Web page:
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Haydn - Sonata in A Major, Hob 26

Discussion in 'Submission Room' started by StuKautsch, May 18, 2013.

  1. StuKautsch

    StuKautsch Member Piano Society Artist

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    Finally got my piano tuned. Decided to not put reverb in this, just sounded more "classical" and/or "early piano" without it. This is the first Haydn that I've ever learned, so I hope the relative tempos of the Minuet and Trio are ok; the last time I checked we did not yet have a recording of this.
    BTW: If you think the 2nd movement is worthless, join the crowd. It's one of those "games": The second line is the first line reversed, and the fourth line is the third line reversed.
    If anyone wants to look at a score, here's the IMSLP:
    http://imslp.org/wiki/Keyboard_Sonata_in_A_major,_Hob.XVI:26_(Haydn,_Joseph)

    Haydn - Sonata in A Major, Hob. XVI No. 26, I: Allegro moderato

    Haydn - Sonata in A Major, Hob. XVI No. 26, II: Menuetto al Rovescio

    Haydn - Sonata in A Major, Hob. XVI No. 26, III: Presto
     
  2. pianolady

    pianolady Monica Hart, Administrator Staff Member Piano Society Artist

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    Well done, Stu! This was very nicely played!! I changed the tags a little and have put it up onto the site.

    I think the 3rd movement is the shortest movement I've ever heard. Also, I couldn't help thinking that Haydn sure liked to play around with rhythm, didn't he?
    Your decision not to add reverb is interesting. I'm thinking that I should not have added any to my recording. Oh well...I'm learning...that's why I like the forum.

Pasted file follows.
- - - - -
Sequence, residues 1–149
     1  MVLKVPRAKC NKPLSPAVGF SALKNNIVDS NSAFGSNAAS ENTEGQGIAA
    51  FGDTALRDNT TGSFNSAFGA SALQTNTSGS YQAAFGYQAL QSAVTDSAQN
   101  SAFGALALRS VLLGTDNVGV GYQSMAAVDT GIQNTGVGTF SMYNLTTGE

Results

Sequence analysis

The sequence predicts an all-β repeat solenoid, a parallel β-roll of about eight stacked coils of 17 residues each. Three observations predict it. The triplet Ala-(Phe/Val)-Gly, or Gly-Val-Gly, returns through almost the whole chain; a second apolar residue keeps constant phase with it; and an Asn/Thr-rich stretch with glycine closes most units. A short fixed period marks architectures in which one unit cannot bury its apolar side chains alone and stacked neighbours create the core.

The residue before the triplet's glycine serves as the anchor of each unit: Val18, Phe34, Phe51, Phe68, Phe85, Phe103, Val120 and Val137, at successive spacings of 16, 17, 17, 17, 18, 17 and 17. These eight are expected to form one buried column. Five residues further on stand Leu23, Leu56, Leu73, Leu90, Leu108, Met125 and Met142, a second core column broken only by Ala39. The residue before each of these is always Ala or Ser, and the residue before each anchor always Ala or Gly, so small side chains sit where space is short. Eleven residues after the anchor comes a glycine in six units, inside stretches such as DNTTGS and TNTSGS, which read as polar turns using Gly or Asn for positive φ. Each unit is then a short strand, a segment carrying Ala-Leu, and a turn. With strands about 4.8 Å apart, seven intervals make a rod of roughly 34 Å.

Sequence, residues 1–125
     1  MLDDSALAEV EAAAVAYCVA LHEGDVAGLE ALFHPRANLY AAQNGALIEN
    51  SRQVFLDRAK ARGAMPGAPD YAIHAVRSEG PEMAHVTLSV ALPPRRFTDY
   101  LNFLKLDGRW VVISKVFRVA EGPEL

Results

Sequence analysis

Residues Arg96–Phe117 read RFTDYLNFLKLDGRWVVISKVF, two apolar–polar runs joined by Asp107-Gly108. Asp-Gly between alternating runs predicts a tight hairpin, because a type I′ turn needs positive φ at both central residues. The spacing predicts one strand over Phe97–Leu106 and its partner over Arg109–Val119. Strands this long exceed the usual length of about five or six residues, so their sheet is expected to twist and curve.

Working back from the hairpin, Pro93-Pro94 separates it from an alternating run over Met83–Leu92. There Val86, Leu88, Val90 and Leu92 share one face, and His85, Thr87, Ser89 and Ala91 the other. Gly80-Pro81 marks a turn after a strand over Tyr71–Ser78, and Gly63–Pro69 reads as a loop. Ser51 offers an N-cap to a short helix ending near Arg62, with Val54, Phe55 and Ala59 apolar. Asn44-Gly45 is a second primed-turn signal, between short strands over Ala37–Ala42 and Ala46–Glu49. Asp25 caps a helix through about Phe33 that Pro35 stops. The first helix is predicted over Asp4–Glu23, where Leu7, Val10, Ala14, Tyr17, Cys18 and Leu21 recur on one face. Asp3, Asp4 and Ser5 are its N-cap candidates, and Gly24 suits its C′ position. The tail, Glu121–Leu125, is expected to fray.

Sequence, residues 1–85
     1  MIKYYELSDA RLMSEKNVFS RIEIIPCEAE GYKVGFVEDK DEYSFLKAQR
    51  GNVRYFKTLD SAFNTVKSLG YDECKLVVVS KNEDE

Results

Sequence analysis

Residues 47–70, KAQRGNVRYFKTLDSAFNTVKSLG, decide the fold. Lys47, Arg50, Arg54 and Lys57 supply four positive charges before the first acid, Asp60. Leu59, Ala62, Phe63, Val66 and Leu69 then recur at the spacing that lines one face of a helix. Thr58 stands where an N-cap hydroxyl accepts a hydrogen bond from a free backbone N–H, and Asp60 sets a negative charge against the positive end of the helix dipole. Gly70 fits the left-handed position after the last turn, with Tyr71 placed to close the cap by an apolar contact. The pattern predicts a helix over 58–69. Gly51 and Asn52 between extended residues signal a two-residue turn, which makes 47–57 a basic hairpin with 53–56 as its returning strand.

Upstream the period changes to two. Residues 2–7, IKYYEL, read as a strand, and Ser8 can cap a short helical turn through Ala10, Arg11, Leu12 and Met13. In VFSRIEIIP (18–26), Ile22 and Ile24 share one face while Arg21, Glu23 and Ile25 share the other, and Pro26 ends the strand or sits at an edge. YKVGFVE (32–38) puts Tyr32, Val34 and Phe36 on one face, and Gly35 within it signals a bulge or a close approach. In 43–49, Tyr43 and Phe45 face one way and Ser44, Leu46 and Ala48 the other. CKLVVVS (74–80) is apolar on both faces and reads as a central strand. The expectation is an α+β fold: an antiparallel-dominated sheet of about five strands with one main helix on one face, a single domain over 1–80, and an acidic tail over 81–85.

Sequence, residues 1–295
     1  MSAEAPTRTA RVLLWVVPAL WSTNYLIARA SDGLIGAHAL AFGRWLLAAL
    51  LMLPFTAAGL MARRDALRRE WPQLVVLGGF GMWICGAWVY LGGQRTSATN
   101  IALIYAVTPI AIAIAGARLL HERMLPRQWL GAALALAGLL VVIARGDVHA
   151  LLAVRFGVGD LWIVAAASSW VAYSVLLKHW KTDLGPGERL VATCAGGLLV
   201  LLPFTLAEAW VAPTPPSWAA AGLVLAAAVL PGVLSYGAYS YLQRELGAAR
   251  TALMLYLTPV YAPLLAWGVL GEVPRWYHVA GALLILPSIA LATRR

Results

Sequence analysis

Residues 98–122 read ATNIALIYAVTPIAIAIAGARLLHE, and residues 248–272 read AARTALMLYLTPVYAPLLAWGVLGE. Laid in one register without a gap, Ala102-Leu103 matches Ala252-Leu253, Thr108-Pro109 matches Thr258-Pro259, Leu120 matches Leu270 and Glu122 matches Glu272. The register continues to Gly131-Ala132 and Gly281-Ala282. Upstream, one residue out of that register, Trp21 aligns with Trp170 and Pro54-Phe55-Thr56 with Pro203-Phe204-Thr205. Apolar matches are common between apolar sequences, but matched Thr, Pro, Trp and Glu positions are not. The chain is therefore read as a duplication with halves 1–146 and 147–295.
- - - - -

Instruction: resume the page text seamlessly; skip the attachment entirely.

Another thing....I'm not sure you have heard this already or not (it was recently in the news), but here is a link to a site in which you can hear the earliest grand piano. Maybe Haydn played it....? :)

    http://www.bbc.co.uk/news/uk-22507415
     
  3. StuKautsch

    StuKautsch Member Piano Society Artist

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    Thanks, Monica.
    I could not believe the third movement when I first played it. It's pleasant enough, but so short ...

    Thanks for the link. So they had a true "una corda", which is where the term originates. I had never heard that before, and the man was right - it's very different from our modern "due corda". I hope the BBC leaves it up for a while - I added it to my favorites.
     
  4. hreichgott

    hreichgott New Member

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    Very well played!

    An especially nice mix of extroversion and refinement in the first movement. The melodic line is energetic and well-supported, balancing nicely with the accompaniment.